Anatomy MSIV Courses

Advanced Clinical Rotations Director

USU Campus

APG Graduate Education Courses

Department Website:

Course #: ATR 4110 Neuroanatomy Clerkship

Duration: 4

Hours: 5

Grading: (Pass/Fail)

Course Description: Provide opportunity for student to carry out integrated review of head & neck anatomy with functional neuroanatomy. Practical application of anatomical knowledge in relation to clinical medicine is stressed. Students enrolled in clerkship can assist in teaching in the Clinical Head and Neck Anatomy and Functional Neuroscience course and participate in faculty reviews. Independent cadaver dissection of head & neck region, study of gross brain, slices & CNS myelin-stained slides. Utilize USU computer modules on head neck and CNS anatomy. Comments: Interactive software on head and neck modules, functional neuroscience and lesion localization & radiology support this process.

 

Course #: ATR 4140 Anatomy Teaching Elective

Course Type: C

Department: Surgery and or APG department 

Duration: 4 (One Block/Round) or 8 (Two Blocks/Rounds)

Hours: 4 (One Block/Round) or 8 (Two Blocks/Rounds)

Grading: (Honors/Pass/Fail)

Course Description: Students will assist Course Director and the Anatomy/Surgical Faculty members in teaching anatomy in the School of Medicine First-Year and Second-Year Gross Anatomy Courses.  The lectures are held in Lecture Hall E and the labs are held in the Anatomical Teaching Laboratory, USUHS (Ground Floor).  The senior student participates as a junior faculty member, teaching cadaver dissections to the first-year medical students, performing prosections, creating teaching material, leading small group reviews, and presenting prosections to the faculty members and their classmates – all under the supervision of the anatomy/surgical faculty members. 

Comments: Participation must be approved in advance by Mr. Edward Jones (Edward.Jones@USUHS.edu), Dr. David Mears (David.Mears@USUHS.edu), or Dr. Guinevere Granite (Guinevere.Granite@USUHS.edu). Early sign-up is recommended since the number of participants may be limited.

Site: Anatomical Teaching Laboratory (ATL), USUHS 

 

Course #: ATR 4150 Forensic Anthropolgy 

Credit Hours: 34 hours (4 hours, 2 times a week for 4 weeks)

Grading: Pass/Fail

Course Description: This course is an introduction to the application of forensic anthropology. The aim is to understand how anthropologists apply scientific principles and processes to the collection and analysis of skeletal evidence. Topics include anthropology within the context of forensic investigations, human skeletal biology, and research methods, including analyzing bone trauma, pathology, and taphonomy. Anticipated initial course would be offered to up to 20 students during their fourth year. Potential student interest would include pathology, radiology, orthopedics, and any other students with an interest in forensics. This course can be beneficial to military surgeons and medical practitioners who are involved in disaster recovery and combat-related injuries/fatalities. It can provide them with a better understanding of osteology, bone trauma and pathology.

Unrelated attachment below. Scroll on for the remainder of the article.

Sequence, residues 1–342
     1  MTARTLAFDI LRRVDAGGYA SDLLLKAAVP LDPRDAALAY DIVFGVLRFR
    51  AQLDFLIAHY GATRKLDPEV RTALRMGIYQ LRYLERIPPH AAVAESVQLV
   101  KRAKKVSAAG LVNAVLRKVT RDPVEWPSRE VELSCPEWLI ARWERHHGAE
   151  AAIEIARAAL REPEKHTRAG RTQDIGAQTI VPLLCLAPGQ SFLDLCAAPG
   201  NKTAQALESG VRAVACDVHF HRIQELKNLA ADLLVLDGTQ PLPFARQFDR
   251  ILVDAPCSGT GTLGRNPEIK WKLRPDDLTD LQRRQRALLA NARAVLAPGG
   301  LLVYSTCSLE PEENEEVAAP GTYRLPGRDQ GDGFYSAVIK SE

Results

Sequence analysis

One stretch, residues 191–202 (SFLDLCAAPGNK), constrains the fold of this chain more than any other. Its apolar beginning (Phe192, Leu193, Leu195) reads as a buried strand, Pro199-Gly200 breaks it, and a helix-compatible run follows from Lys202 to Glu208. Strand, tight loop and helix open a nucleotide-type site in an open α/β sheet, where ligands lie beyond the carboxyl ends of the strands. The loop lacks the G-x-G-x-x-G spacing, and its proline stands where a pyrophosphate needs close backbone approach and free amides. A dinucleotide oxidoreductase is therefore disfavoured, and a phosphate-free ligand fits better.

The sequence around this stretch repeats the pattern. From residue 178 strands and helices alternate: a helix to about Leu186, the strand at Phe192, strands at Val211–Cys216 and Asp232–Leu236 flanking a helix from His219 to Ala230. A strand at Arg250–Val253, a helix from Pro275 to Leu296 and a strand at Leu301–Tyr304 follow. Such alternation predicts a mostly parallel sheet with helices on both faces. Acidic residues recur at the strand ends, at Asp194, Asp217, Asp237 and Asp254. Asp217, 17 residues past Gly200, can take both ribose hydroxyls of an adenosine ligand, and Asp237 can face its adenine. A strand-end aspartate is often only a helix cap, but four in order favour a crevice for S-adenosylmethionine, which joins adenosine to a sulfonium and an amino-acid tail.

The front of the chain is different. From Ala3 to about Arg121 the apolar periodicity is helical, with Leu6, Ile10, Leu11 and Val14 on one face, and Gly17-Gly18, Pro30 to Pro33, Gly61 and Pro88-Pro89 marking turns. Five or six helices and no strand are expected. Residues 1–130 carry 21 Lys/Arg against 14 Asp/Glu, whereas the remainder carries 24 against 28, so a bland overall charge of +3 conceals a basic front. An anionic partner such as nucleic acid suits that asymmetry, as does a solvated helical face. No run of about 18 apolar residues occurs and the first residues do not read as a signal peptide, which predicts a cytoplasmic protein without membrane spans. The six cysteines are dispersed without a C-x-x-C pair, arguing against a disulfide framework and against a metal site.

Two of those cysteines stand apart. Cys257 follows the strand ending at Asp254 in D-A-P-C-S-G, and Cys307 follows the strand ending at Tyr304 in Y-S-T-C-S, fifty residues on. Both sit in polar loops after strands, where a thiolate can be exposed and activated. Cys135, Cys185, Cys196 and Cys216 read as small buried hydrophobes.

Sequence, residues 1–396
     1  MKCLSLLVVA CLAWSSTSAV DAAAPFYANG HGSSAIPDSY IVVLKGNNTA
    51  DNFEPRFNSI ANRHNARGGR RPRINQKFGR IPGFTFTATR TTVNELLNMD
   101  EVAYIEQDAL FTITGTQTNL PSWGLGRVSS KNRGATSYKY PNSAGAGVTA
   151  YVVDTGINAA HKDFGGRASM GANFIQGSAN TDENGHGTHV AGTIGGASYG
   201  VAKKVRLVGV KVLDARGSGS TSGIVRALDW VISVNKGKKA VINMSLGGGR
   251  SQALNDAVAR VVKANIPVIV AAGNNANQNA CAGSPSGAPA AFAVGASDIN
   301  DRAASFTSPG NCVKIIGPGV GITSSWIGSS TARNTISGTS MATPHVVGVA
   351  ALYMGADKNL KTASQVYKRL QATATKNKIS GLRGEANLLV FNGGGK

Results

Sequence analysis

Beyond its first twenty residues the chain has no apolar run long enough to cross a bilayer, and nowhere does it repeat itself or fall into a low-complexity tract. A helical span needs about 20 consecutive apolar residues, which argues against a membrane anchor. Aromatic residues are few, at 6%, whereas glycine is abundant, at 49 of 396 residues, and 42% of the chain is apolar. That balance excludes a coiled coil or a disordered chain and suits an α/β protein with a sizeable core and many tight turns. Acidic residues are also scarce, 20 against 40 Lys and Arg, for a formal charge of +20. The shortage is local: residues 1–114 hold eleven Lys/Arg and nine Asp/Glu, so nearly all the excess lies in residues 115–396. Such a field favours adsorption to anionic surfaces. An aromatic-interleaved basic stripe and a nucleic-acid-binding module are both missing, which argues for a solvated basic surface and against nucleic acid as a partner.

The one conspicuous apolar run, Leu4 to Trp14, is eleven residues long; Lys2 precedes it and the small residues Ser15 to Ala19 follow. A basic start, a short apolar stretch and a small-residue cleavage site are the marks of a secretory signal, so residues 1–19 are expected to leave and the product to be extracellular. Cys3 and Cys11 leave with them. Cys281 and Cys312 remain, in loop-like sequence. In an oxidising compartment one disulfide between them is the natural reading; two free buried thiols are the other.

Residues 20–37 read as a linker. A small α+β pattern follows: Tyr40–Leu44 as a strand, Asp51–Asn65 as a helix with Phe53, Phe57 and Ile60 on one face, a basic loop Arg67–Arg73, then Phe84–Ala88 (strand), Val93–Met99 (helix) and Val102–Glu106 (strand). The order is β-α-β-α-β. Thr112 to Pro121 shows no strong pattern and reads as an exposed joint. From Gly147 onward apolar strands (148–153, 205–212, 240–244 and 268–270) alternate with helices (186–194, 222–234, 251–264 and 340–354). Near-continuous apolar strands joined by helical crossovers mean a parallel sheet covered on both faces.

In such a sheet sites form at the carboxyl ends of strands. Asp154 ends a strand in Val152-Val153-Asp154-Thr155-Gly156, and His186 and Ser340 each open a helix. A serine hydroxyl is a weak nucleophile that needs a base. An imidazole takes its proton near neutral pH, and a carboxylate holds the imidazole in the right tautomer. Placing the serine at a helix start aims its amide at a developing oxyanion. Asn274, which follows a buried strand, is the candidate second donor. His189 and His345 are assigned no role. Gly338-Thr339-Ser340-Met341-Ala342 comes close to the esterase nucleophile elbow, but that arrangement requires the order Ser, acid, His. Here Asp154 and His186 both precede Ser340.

Additional information:

Course Introduction:

Forensic anthropology, the analysis of human skeletal remains, has advanced significantly in recent history.

This course will focus on:                   

  • The science of forensic anthropology and its applications to criminal and medico-legal investigation
  • Investigative methods
  • How forensic anthropologists work with medical examiners and pathologists during forensic cases
  • Research methods for identifying, examining, analyzing, and interpreting human skeletal remains
  • Human skeletal anatomy and dentition review
  • Anthropometric instruments and measurement
  • Reorientation with the standard anatomical position, anatomical planes, and terms of orientation

Students will study actual forensic anthropological cases, examine actual skeletal remains, and answer these 10 standard questions:

  1. Are the bones human?
  2. How many individuals are represented?
  3. How long ago did death occur?
  4. What was the person's age at death?
  5. What was the person's sex?
  6. What was the person's ethnicity/ancestry?
  7. What was the person's height?
  8. Are there any identifying characteristics to aid in personal/positive identification?
  9. What was the cause of death?
  10. What was the manner of death?

Course Outcomes:

After completing this course, students should be able to:

  • Apply scientific principles and processes to the collection and evaluation of evidence
  • Analyze evidence and case details and recommend solutions using appropriate quantitative and qualitative anthropological and statistical methods
  • Accurately and effectively communicate their findings using appropriate terminology and format

Course location: G-028 ATL Classroom

 

Course #: ATR 4780 Advanced Anatomy - Cadaver Dissection Review

Course Type: S

Department: Dept of Anatomy, Physiology, and Genetics (APG)

Duration: 4 (One Block/Round) or 8 (Two Blocks/Rounds)

Hours: 8

Grading: (Honors/Pass/Fail)

Course Description: The student performs independent cadaver dissections on a preserved cadaver under the supervision of Dr. Seyfer. The elective provides experiences that are appropriate for an upcoming internship or residency.  The goal is to review pertinent anatomy and other skills that are needed in PGY1.  The elective can be tailored to the individual student’s choice of specialty or subspecialty. 

Comments: Participation must be approved in advance by Dr. Seyfer via email- alan.seyfer@usuhs.edu. Early sign-up is recommended since the number of participants is limited.

Site: Anatomical Teaching Laboratory (ATL), USUHS